Two years ago, President Obama launched My Brother’s Keeper (MBK) to address persistent disadvantages and ensure boys and young men of color have opportunities to reach their full potential. Since the initiative’s launch, the Administration has partnered with nonprofits, businesses, towns and cities to connect young people with mentors and resources, helping to build lasting bridges of opportunity for youth across the country.
Over the next five years, approximately 57,900 jobs will become available in food, agriculture, renewable natural resources and the environment annually — with only 35,400 students graduating with the specialized expertise to fill them. A diverse sector is a strong sector, and that’s why we’re taking strides to ensure all Americans have access to the array of opportunities across the field.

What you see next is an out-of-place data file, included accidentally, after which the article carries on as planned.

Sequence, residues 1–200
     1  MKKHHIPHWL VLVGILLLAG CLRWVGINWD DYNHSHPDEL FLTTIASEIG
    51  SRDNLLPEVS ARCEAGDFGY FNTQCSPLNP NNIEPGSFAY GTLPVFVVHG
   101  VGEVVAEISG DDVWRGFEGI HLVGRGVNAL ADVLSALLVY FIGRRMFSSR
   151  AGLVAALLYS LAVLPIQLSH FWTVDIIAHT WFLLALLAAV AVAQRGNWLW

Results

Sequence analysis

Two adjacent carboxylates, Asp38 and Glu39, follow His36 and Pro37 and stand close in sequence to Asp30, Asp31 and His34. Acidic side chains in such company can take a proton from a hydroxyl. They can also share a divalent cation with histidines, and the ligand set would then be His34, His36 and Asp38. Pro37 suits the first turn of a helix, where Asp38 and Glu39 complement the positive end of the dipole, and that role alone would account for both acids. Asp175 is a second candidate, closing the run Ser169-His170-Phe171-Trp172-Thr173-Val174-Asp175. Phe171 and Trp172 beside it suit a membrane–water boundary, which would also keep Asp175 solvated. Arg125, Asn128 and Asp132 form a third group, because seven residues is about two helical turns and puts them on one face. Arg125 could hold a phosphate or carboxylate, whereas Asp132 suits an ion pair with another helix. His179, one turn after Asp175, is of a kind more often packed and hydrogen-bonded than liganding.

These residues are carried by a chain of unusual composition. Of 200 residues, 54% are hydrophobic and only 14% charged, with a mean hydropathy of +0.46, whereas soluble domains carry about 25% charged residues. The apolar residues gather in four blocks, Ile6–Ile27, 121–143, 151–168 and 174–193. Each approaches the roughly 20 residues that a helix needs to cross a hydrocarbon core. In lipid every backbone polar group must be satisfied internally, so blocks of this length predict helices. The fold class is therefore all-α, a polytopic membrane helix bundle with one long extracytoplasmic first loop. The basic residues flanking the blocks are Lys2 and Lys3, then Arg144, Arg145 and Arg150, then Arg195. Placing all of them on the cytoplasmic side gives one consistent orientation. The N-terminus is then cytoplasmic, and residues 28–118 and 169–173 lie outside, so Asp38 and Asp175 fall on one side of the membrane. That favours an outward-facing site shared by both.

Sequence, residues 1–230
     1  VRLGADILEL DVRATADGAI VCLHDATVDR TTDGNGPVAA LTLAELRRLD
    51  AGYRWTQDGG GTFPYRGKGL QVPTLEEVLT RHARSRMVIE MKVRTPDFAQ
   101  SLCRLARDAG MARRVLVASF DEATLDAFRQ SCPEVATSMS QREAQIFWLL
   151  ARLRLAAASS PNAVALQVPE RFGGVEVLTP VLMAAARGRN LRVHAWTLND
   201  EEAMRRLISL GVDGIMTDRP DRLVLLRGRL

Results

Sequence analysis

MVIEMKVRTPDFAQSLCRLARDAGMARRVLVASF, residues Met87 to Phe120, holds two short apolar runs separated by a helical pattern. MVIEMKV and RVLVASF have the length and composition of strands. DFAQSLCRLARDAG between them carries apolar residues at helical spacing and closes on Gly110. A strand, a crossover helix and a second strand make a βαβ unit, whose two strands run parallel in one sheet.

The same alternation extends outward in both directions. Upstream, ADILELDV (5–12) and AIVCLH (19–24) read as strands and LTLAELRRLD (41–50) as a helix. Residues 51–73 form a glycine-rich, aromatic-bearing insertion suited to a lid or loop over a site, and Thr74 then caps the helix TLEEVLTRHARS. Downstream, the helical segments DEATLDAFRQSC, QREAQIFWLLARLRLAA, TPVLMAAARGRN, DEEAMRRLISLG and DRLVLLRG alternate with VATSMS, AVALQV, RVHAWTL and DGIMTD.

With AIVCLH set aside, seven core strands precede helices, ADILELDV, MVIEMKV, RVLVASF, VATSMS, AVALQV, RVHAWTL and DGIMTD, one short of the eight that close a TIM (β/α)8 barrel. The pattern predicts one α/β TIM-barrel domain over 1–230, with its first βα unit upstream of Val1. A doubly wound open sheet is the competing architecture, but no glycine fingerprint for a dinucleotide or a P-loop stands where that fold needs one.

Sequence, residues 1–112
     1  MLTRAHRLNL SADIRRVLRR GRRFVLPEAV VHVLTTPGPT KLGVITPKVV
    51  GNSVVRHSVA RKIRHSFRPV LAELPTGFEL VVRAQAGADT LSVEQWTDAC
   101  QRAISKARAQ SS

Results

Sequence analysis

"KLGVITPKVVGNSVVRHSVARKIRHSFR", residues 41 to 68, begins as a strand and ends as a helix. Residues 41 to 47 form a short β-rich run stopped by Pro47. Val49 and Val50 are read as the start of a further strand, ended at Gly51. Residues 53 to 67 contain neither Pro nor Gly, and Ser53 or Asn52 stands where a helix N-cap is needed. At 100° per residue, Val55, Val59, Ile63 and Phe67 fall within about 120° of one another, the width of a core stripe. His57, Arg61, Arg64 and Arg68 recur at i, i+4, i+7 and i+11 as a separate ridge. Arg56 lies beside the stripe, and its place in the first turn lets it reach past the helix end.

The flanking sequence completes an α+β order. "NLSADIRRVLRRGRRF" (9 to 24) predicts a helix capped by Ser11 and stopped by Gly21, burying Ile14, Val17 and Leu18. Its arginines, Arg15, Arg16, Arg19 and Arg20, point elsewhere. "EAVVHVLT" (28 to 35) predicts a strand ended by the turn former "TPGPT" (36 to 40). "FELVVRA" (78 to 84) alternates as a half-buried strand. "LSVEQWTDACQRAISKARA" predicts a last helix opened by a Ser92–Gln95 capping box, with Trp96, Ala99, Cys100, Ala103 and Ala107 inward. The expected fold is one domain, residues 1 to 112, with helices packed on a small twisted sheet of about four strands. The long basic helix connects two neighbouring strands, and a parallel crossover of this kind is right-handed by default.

Last week, My Brother’s Keeper and the White House Council on Women and Girls teamed up with communities, universities and federal labs to host the first-ever National Week at the Labs, a week-long series of mentorship opportunities and interactive workshops in science, technology, engineering, agriculture, math (STEAM) for students across the country.
In support of this effort, USDA’s Agricultural Research Service (ARS) opened labs to youth in Charleston, S.C., Stillwater, Okla. and Ithaca, N.Y., joining more than 50 federal labs in over 20 states participating in the MBK Community Challenge.